To return from Minna back to our field of horses, I say if we must have horsemen indeed, who we shall be unafraid to send into the real battle of telling our northern stories well, then they must be trained by gods. The surrogate of a god is not a god, and this becomes clear when the Armageddon comes. The younger writers from the north must seek true gods as their mentors, or else they never would be able to stand on a level field with other writers writing in English from anywhere else. And to be able to do just that is to be possibly first-rate.



The third and last danger to northern Nigerian writing I shall discuss is something that the fine critic E. E. Sule formulated memorably as a “chaos of perception”. It is a misperception of what writing really means. It is quite related to the philosophy of writing. I would say that this chaos of perception is not related to northern writing alone but southern Nigerian writing also, it has been noticed even in the writings of our Diaspora writers as well. There is one question that every writer must ask himself and answer silently –“Why do I write?” And this question must be asked in the cupboard, in meditation, in privacy, for when a writer does not have the answer to that question he cannot write a classic, try as and as talented as he may be. It has often been asked how is it that Nigerian writers {ever since the first classic, “Things Fall Apart”, then Ben Okri’s “The Famished Road” and perhaps Ken Saro Wiwa’s “Sozaboy”} have been unable to write truly great books? The answer is found first of all in a chaos of perception about themselves as writers and themselves as a position in History. I wager that Chinua Achebe knew why he was writing in ‘58’, but does Onyeka Nwelue know today? Wole Soyinka surely knew why he wrote but does say Ibukun Babarinde know as surely why he writes today? And this knowing is one that goes past the watery hash gotten secondhand from MFA programs in the west. It goes further than the homegrown pseudo Marxist hash as well.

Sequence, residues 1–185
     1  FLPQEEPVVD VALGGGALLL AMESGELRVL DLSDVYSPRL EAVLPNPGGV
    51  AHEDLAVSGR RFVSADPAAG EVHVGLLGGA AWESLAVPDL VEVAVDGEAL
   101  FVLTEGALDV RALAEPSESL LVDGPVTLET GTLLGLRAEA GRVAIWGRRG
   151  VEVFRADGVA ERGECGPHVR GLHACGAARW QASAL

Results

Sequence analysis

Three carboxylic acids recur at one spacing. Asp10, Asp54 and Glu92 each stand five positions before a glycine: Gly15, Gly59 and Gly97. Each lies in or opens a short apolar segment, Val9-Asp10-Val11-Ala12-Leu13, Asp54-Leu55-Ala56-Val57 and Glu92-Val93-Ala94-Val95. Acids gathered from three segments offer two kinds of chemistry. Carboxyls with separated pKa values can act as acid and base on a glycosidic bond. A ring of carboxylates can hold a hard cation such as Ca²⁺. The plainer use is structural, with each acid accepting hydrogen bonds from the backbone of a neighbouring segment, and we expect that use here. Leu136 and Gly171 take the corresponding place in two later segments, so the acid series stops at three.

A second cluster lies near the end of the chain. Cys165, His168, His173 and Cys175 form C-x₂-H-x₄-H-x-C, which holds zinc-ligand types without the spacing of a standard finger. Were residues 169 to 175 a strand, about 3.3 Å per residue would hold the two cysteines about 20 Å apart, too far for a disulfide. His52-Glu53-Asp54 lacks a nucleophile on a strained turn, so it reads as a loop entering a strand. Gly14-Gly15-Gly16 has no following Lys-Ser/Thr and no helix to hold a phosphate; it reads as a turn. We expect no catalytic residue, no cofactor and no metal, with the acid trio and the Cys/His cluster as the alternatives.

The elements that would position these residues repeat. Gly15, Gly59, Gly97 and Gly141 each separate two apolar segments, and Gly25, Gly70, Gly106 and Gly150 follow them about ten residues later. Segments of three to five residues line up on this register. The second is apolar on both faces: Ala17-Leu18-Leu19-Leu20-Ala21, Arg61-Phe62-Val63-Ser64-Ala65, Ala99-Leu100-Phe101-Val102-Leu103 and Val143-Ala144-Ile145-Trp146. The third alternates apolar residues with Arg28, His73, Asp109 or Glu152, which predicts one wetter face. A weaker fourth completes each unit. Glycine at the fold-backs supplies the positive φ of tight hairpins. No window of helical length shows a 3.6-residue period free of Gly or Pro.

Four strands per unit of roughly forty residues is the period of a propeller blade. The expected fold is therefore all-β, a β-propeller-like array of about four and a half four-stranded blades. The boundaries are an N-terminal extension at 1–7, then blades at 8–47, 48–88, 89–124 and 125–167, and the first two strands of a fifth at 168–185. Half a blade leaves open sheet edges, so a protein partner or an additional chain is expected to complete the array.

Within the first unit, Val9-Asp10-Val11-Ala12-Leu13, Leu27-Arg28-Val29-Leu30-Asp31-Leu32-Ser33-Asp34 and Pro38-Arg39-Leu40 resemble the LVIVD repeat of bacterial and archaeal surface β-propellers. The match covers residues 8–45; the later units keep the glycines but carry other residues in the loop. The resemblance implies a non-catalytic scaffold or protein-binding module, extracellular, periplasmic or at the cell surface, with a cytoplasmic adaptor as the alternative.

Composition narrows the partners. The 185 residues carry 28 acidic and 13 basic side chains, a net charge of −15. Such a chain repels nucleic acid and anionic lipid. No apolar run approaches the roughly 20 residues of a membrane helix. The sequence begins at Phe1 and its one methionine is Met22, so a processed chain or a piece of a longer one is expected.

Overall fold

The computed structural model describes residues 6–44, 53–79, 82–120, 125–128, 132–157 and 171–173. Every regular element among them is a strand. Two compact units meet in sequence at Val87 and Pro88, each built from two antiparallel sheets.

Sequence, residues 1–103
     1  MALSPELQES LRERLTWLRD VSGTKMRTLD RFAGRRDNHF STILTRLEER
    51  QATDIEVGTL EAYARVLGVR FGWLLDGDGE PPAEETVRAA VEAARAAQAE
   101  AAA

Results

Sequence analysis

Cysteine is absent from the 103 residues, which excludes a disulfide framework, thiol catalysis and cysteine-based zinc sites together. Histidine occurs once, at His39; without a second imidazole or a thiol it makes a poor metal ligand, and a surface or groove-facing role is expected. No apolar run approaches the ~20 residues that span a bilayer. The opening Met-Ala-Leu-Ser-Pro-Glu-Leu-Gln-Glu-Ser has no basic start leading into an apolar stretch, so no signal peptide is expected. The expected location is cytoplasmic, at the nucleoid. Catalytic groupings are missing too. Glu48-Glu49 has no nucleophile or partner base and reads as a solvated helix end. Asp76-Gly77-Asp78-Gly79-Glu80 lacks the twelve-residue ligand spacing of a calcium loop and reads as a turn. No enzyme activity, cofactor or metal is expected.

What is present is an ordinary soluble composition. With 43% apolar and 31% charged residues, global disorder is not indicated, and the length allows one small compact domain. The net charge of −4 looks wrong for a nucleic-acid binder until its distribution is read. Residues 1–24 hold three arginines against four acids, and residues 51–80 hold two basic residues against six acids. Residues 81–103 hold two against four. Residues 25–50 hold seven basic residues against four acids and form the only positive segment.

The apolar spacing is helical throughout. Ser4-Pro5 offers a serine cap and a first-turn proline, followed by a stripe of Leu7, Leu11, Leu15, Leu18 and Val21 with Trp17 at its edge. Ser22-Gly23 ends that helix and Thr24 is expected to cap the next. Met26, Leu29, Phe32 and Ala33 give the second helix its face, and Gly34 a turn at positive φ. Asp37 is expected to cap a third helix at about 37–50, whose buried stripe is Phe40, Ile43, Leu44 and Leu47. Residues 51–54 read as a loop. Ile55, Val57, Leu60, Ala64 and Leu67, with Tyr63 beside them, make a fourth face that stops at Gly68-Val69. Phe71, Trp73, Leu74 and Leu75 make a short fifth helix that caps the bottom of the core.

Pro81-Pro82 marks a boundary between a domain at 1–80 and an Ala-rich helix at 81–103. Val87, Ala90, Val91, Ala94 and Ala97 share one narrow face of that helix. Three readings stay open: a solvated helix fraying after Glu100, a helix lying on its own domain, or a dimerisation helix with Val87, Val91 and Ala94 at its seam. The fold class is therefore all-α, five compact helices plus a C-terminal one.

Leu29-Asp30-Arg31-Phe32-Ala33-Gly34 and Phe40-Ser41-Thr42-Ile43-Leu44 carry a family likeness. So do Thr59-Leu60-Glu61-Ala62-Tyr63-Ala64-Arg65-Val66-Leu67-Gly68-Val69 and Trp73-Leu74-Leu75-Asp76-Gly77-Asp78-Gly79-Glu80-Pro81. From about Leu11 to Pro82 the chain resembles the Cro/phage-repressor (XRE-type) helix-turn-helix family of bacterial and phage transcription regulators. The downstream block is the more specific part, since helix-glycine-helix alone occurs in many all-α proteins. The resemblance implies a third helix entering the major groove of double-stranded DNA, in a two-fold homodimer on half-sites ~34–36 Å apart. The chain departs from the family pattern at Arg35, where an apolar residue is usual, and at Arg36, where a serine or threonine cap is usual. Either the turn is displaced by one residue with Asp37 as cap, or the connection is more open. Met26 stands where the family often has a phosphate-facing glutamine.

A philosophy of writing must be rooted in a sense of self and it is the way one shares it that is the most poetic gift in ones craft, it is what makes the heart of the reader weave whether he is in Budapest reading a translation of “Okonkwo” or in Zakibiam reading a Tiv translation of Tolstoy’s “Voina I Mir”, it is what makes the words dance in the mind of posterity. Without it, a writer cannot communicate to the basic humanity of any reader, he just cannot do this without clarifying to himself what he MEANS to himself. Indicative of this dearth are the two answers writers give when asked why they write; either that they “write to express themselves”, or that they write for that vast amorphous abstraction – for the “people”. But the true writer can only answer that question by replying – “You’ll have to ask my readers.”